LSC is the nation’s single largest funder of civil legal aid. LSC was created in 1974 by an act of Congress that was signed into law by President Nixon. LSC works to ensure that low-income Americans receive the help they need in civil legal matters like evictions, foreclosures, child custody, adoptions, and protective orders against domestic abusers. Congress continues to fund LSC each year so that low-income constituents have access to high-quality legal assistance in such matters.
The Budget proposes to eliminate funding for LSC to “put more control in the hands of State and local governments that better understand the needs of their communities.” But the legal aid programs that LSC funds are locally controlled and already set their own priorities based on their assessments of their communities’ needs. LSC distributes more than 93% of its funding to locally run organizations.
Federal funding for LSC reflects the fundamental national interest in the rule of law. Eliminating LSC funding would effectively eliminate civil legal aid in some states and diminish it in every state, with a resulting loss of confidence in the fairness of the justice system for those who cannot afford to pay for legal assistance. Today, even with federal funding of LSC, in many jurisdictions 90% or more of family cases and landlord-tenant cases involve unrepresented litigants, and legal aid providers must regularly turn away at least half of the eligible clients seeking their help.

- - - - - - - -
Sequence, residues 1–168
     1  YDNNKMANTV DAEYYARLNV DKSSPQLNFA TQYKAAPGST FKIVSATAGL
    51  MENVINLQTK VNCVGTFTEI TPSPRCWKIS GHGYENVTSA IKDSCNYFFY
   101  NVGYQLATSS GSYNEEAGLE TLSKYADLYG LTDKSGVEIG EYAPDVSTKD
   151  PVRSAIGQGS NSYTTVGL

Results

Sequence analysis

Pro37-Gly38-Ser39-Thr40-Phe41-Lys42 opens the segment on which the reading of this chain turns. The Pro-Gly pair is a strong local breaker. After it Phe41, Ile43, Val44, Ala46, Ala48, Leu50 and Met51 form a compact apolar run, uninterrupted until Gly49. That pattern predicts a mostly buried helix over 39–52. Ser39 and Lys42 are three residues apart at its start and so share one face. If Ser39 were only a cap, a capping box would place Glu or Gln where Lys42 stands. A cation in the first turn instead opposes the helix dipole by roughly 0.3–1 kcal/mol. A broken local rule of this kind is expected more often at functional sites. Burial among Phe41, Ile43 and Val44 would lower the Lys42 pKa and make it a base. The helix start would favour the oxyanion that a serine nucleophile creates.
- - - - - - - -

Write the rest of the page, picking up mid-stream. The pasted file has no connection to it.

Following the President’s proposal to defund LSC the previous two years, Congress has continued to allocate funds for the organization. In March 2018, Congress funded LSC at $410 million, a $25 million increase from FY 2017. This was the largest increase to LSC’s budget since FY 2010. Last month, Congress again increased LSC’s funding, to $415 million, a $5 million increase.
The 132 legal aid programs that LSC funds serve every county in every state and the territories. They protect seniors from consumer scams, help veterans secure the benefits they have earned, assist domestic violence victims in obtaining protection orders against abusers, and help disaster survivors get back on their feet. Federal funding for civil legal services provides crucial assistance to hundreds of thousands of Americans each year.
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American Consumers and Workers Detail the Harm Caused by Forced Arbitration at Capitol Hill Press Conference